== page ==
The latest TNS survey reveals that 28 per cent of people who backed Labour in the 2011 Holyrood election plan to vote Yes in September's referendum, excluding those who are unsure. The figure is up from 21 per cent, on average, over the previous three months, when Labour "don't-knows" are stripped out.
TNS's findings also suggest the race is becoming closer after a period when the Yes campaign failed to eat into the No camp's lead. The poll put No on 56 per cent and Yes on 44 per cent, when the don't-knows were excluded.
Yes Scotland chief executive Blair Jenkins said it was an extremely encouraging poll but Better Together insisted it showed the majority of Scots want to remain as part of the UK.
Looking at all Labour supporters, including don't-knows, TNS found 58 per cent in favour of No, 22 per cent for Yes and 21 per cent undecided.
But the news that a growing number of Labour voters intend to back independence came as Peter Kilfoyle, the former Labour MP for Liverpool Walton, publicly backed a Yes vote, timing his announcement to coincide with a visit to the city by First Minister Alex Salmond.
The drift to Yes will come as a major blow to the No campaign.
Labour voters, many of whom are swithering over independence, have been carefully targeted by the SNP, which knows their support is vital if the referendum is to deliver a Yes vote.
In a party conference speech earlier this year, Deputy First Minister Nicola Sturgeon claimed independence would allow Labour supporters to reclaim their party.
Labour leader Ed Miliband visited Scotland at the end of last month in a bid to shore up support for a No vote in his party's traditional heartlands. In a keynote speech, he said his priority was tackling low pay and inequality, which he sought to contrast with SNP plans to cut corporation tax for big business and maintain a lower top rate of income tax than Labour for higher earners. The visit was part of a major effort by Labour to step up its referendum campaigning.
Former Prime Minister Gordon Brown has been put at the heart of the party's "United with Labour" campaign. Meanwhile, deputy Scottish Labour leader Anas Sarwar has taken a battle bus across the country and Shadow International Development Secretary Jim Murphy has undertaken a 100-town tour on behalf of the cross-party Better Together campaign.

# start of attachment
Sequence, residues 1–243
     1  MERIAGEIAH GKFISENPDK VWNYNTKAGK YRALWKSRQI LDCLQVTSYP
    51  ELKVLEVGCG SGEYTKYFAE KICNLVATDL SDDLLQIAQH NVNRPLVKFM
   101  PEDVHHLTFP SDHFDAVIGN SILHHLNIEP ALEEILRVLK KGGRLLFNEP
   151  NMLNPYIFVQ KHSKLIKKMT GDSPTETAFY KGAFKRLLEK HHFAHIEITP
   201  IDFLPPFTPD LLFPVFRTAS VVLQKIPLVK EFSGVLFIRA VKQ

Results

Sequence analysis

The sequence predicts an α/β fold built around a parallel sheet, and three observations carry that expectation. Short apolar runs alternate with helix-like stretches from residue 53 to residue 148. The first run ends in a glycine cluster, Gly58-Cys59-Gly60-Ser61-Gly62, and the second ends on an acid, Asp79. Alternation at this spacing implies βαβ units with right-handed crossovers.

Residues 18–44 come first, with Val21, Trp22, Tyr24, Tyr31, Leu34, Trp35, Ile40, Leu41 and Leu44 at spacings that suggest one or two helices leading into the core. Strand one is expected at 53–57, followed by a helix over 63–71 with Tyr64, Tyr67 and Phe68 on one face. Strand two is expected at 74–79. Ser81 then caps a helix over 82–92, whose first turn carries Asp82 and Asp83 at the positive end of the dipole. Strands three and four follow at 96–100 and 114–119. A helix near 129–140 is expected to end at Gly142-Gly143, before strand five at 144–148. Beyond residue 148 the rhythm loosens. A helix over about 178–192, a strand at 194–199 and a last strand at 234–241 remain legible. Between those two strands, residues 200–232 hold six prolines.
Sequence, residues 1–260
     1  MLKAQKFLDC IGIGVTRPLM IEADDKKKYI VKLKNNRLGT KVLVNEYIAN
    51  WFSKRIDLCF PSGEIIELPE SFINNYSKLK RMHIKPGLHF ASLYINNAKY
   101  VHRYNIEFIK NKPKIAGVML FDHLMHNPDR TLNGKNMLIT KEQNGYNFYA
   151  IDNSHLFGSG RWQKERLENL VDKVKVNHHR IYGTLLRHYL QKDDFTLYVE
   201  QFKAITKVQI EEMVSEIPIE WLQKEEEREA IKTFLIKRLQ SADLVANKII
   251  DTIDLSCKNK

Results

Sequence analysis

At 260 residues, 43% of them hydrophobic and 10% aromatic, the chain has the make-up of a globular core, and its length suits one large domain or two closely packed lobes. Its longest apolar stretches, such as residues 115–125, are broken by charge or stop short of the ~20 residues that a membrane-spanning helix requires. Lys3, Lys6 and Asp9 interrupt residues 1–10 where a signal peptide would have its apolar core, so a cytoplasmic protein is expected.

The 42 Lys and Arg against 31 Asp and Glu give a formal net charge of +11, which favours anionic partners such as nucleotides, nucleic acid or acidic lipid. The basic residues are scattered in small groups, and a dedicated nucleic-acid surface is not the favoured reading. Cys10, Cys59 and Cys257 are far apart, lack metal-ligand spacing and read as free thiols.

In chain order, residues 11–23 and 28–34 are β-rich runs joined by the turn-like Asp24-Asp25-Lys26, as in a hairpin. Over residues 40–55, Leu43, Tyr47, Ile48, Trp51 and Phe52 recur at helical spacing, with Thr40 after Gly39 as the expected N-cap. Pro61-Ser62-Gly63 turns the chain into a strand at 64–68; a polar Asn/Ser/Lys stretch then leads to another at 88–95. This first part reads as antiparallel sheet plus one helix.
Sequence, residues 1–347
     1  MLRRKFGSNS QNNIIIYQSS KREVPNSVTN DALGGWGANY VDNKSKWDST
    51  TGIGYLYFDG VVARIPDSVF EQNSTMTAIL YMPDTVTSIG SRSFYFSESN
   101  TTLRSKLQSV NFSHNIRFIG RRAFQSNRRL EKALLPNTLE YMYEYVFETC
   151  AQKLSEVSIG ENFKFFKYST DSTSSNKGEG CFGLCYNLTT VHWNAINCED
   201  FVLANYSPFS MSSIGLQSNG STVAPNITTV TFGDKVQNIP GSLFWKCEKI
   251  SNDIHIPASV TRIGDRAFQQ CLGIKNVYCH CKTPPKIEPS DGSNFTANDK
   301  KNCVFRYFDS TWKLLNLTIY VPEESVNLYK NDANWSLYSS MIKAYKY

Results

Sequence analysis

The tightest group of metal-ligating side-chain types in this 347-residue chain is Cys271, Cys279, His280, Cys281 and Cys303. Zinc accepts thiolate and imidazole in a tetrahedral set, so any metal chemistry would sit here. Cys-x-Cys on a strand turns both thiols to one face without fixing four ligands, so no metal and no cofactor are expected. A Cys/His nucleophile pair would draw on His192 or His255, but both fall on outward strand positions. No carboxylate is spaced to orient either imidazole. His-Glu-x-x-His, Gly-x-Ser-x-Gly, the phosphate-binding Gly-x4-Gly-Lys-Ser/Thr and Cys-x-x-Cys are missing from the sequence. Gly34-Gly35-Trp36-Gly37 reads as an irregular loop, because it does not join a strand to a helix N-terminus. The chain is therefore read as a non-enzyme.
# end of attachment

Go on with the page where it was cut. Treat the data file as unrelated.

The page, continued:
Drew Smith, Scottish Labour's constitutional spokesman, said the party would continue to push a message of "partnership and co-operation with our neighbours".
He added: "We believe the majority of Scots, whatever their previous voting habits, recognise that a proud No vote will give Scotland the best of both worlds - more powers guaranteed for the Scottish Parliament but backed by the strength and security of the United Kingdom.
"The SNP have failed to make the argument for breaking up the United Kingdom and the separatists' case is being overwhelmingly rejected by the majority of the Labour movement."
The survey of 995 voters was conducted between June 25 and July 9. It compared with the previous TNS poll, for the Hunter Foundation, which had No on 59 per cent and Yes on 41 per cent. Using those figures, the No campaign's lead has shrunk from 18 points to 12.
Including the don't-knows, TNS found 41 per cent backing No, 32 per cent backing Yes and 27 per cent unsure. No was down one point on the previous directly comparable poll in May, while Yes support was unchanged.
The nine-point lead for No is down from 19 points last September, when the series of TNS polls began.
Mr Jenkins said: "This is an extremely encouraging poll. It's the highest level of support for Yes so far in a TNS referendum poll, and the No lead has more than halved since last September. Among those who are certain to vote, 45 per cent already plan to vote Yes, and we are confident of winning a majority in September."
However, a Better Together spokesman said: "This is yet another poll confirming that the majority of Scots want us to stay in the UK. The closer we get to the vote itself, the more people are thinking seriously
about the consequences of separation for our pound, pensions and public services. It's no surprise that the majority of Scots are saying no thanks to independence."
Tom Costley, head of TNS Scotland, said it had "consistently" found a significant number of undecided voters among those who said they were certain to vote. He said: "This month that proportion of the certain-to-votes has fallen from 22 per cent to 18 per cent - evidence that people are now beginning to form an opinion as the polling date nears."
Of those uncertain voters, 13 per cent said they were inclined to vote Yes and 12 per cent to vote No, with the remainder unsure.
Mr Costley said: "If we strip out all those who are committed to or at least sympathetic to one side or another, there are now relatively few people who say they are certain to vote but are completely undecided. We are finding only 13 per cent of certain-to-votes are expressing no inclination towards either side of the debate.
"Their decisions on h ow to vote could have a strong influence on the final result."